Shaun Deeb took down the $10,000 Pot-Limit Hold'em Championship on Saturday after outlasting 128 entries over three days of play. The famous high-stakes pro received his first WSOP gold bracelet along with the $318,857 top prize after defeating Paul Volpe heads-up.
Besides Volpe and Deeb, there were a few other big names on the final table (see final table results below) - which is being described by WSOP reporters as "the most stacked final table of the 2015 World Series of Poker".
"This was one of the toughest final tables I've ever played against," Deeb said afterward. "This was the second time I've made the final in this $10K PLO event, and to come out on top against these caliber of players was just great. It was really special to get this against Paul (Volpe), because we play together all the time. I know he wanted to win, but to get my first against him was just amazing the way it all happened."
The first-place prize money probably won't make a big difference to Deeb's life, given that he's regularly playing the biggest cash games and most expensive tournaments. But there's something special with winning a bracelet...
"This is the biggest stage of all, where it's at in poker, and where you have to win to prove yourself," Deeb said. "I wanted to cross this off my bucket list for quite some time, and I finally took it down."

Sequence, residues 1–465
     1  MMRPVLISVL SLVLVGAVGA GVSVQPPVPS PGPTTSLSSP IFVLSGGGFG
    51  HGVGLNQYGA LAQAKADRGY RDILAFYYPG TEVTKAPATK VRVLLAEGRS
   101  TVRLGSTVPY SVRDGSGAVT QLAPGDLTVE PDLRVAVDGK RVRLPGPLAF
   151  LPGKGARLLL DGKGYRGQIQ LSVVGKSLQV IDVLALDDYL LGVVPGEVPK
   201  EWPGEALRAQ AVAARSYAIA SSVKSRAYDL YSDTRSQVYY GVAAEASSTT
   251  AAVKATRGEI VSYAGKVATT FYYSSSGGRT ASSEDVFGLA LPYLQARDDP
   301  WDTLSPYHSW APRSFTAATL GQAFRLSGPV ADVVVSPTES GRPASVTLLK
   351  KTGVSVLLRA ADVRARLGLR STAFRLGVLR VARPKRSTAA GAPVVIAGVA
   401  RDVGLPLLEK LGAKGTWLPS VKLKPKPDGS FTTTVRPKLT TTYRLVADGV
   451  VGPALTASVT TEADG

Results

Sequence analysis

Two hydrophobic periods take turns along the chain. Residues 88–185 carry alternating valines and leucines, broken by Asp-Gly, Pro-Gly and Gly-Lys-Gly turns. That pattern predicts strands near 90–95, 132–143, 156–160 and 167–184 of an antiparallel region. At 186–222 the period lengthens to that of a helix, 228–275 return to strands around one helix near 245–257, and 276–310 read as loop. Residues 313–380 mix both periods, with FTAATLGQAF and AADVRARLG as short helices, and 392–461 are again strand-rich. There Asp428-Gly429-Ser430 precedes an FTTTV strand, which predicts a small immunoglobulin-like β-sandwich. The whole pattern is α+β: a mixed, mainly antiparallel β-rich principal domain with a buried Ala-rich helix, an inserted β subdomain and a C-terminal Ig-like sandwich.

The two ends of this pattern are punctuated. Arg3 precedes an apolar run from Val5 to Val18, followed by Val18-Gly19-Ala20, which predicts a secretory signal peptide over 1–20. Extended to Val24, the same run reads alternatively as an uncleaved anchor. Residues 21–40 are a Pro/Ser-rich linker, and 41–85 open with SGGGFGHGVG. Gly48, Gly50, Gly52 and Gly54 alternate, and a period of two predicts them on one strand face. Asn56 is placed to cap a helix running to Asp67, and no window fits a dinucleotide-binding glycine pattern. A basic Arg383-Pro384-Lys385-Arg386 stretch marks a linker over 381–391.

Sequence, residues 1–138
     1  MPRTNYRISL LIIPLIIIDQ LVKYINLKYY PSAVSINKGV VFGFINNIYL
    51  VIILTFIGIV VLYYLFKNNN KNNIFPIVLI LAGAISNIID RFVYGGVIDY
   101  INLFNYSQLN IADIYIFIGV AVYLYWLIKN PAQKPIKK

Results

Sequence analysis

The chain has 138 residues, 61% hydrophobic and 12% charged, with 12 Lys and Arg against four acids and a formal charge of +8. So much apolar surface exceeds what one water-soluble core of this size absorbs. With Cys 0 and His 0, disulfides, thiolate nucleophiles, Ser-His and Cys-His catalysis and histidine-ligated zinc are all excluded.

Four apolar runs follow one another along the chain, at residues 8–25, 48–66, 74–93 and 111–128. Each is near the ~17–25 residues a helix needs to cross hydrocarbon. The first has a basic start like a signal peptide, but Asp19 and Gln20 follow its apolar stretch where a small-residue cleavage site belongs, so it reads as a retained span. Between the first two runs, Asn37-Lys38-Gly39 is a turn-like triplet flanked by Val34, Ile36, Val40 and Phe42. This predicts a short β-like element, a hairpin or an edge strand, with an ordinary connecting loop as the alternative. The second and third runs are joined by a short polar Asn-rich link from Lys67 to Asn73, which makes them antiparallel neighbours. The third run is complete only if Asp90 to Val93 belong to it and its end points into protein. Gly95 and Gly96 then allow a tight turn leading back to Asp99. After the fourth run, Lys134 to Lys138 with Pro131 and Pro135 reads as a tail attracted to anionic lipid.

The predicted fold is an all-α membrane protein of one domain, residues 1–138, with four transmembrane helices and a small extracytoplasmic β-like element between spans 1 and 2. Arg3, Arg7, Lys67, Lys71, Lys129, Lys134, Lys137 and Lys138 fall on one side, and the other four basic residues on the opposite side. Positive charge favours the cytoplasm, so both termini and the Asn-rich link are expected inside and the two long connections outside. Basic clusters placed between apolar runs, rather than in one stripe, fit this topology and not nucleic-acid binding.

Name: Shaun Deeb
Birthplace: Syracuse, NY (USA)
Current Residence: Troy, NY (USA)
Marital Status: Married
Profession: Poker Pro
Number of WSOP Cashes: 23
Number of WSOP Final Table Appearances: 3
Number of WSOP Gold Bracelet Victories (with this tournament): 1
Best Previous WSOP Finish: 4th (2011)
Total WSOP Earnings: $860,903
Personal Facts: Before this victory, was widely considered one of world's best players
without a gold bracelet
Final table results:
OTHER NOTABLE IN-THE MONEY FINISHERS:
Among the gold bracelet winners that cashed (10th through 18th), the big names were
Josh Arieh (12th), Todd Brunson (14th), and Matt Waxman (15th).
This was the first event on the 2015 schedule which did not attract any female players.
All 128 entrants were males.
The average age of entrants was 35.2 years, a typical mean number for most WSOP
events. The youngest player was 23, and the oldest was 72.
Players were about 75 percent American. There were 95 players from the United
States and 33 from other nations.